After working on a project in 3D it’s hard not to see the world differently. Realistic rendering attempts to recreate a simple process: light comes from a source and bounces around until it hits our eye. Perfectly recreating this effect with computers, though, is staggeringly difficult.
In Unity 3D, rendering high-detail light in a scene is a process that can take hours. You set your variables — how many rays of light you want to simulate, how often those rays should bounce around, etc. — and hit the render button. At high settings this is a process that can take all night. Often, it’s a process whose length of time is completely undetermined when you start. You’re praying to the machine that your light render turns out well and that it will finish within your lifetime.
As your computer fans kick on, you feel a strange guilt about the strain you’re putting your machine under. You take a break and walk around. Your eyes pass around the room, and look out the window. You’re struck by how perfectly everything is rendered in your world. Not only how perfect everything is, but how effortless it is.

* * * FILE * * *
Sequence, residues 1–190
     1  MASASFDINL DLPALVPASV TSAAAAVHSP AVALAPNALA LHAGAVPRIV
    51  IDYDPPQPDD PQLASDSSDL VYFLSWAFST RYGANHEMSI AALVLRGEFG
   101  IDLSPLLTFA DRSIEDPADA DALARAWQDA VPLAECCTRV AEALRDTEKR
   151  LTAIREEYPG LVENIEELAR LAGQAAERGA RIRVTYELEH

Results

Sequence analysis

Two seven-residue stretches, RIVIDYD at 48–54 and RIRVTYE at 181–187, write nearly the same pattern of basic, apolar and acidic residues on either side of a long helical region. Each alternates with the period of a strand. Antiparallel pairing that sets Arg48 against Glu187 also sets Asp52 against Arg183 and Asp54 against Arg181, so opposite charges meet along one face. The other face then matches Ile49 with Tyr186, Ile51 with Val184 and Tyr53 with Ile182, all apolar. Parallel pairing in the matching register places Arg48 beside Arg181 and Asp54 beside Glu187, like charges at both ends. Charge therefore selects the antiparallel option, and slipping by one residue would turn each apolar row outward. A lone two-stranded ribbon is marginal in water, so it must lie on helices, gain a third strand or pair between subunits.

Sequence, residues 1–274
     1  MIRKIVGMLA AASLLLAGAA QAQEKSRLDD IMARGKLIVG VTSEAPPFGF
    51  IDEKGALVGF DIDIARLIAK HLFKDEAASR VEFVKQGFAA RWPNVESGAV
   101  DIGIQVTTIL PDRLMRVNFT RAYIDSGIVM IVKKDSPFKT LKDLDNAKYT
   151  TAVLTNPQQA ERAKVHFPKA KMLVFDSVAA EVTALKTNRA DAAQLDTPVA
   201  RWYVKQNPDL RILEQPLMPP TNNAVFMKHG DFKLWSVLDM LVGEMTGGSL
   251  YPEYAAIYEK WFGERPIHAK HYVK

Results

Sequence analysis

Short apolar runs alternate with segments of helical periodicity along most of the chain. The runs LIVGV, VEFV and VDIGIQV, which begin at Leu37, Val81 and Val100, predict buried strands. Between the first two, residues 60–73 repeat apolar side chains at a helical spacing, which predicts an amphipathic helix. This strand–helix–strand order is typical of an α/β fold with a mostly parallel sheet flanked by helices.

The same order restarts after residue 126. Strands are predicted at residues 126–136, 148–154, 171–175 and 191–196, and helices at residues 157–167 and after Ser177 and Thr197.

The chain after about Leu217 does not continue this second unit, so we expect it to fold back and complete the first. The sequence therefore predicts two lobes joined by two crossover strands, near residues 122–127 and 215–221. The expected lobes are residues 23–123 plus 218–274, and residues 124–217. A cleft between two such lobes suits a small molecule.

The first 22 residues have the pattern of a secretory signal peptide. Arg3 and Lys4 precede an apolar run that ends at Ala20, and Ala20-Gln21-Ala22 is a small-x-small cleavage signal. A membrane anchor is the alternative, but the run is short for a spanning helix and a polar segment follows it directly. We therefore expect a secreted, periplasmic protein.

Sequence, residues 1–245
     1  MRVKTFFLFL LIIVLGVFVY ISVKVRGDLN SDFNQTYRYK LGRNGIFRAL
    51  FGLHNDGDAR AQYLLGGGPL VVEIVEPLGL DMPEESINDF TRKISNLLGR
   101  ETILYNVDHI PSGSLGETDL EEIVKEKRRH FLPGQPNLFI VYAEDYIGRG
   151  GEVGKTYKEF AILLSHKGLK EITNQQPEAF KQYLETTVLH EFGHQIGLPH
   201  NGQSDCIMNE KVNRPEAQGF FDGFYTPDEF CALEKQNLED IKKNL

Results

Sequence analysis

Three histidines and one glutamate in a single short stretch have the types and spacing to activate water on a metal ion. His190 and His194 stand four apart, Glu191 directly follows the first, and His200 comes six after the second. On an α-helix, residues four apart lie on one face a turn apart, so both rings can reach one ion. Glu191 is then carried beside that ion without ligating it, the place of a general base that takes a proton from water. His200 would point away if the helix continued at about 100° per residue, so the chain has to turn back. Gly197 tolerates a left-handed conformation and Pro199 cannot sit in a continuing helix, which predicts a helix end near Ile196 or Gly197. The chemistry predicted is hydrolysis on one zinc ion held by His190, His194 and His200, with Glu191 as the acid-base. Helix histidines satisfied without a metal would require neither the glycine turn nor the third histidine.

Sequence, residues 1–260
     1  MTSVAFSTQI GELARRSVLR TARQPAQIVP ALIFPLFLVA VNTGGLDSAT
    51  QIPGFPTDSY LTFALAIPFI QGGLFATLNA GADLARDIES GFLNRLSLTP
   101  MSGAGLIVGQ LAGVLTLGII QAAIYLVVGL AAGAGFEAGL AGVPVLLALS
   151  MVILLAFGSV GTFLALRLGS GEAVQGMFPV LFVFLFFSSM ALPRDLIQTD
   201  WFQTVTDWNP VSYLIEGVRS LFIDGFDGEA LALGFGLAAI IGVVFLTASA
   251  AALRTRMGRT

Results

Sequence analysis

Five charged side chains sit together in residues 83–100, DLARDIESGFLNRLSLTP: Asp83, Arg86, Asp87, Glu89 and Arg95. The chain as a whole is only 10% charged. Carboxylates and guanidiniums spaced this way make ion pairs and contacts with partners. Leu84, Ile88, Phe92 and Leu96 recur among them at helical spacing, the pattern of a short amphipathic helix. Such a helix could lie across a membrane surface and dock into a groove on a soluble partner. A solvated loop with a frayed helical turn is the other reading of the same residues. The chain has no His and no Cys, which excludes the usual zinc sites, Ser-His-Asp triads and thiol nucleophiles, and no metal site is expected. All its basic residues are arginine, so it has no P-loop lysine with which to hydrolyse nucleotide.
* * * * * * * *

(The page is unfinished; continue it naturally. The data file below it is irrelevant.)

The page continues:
“Nature does not hurry, yet everything is accomplished.”
You think about your poor desktop, humming away trying to capture a single frame of light. Desperately trying to connect the puzzle pieces of the blink of an eye. Looking out the window again, you wonder what it would look like if the world could break a sweat.
An hour later you return to your computer and the light render is finished. It’s not great. There are imperfections everywhere: splotches of shadow where they shouldn’t be, light leaking through walls that should be solid, and a pervasive graininess to the shadow color.
In this context it’s hard not to think about existence as running on some Universal Computer. Our puny desktops are simply trying to mimic a small piece of that machine’s results. But while the Universal Computer effortlessly outputs all of reality at a tempo that it defines, we desperately hack and cheat our way towards an approximation of the tiniest fraction of its calculations.
You think about all the times you witnessed an incredible sunset, or a beautiful moonlit night. The times you tried capturing those moments with your camera, but the photos just looked…blah.
The perspective is humbling. A reminder that reality is ceaselessly moving forward, endlessly generating and embodying an inconceivable amount of data. A reminder that for all we know, and all we can recreate with our machines, the map of our creations will never capture the territory of reality.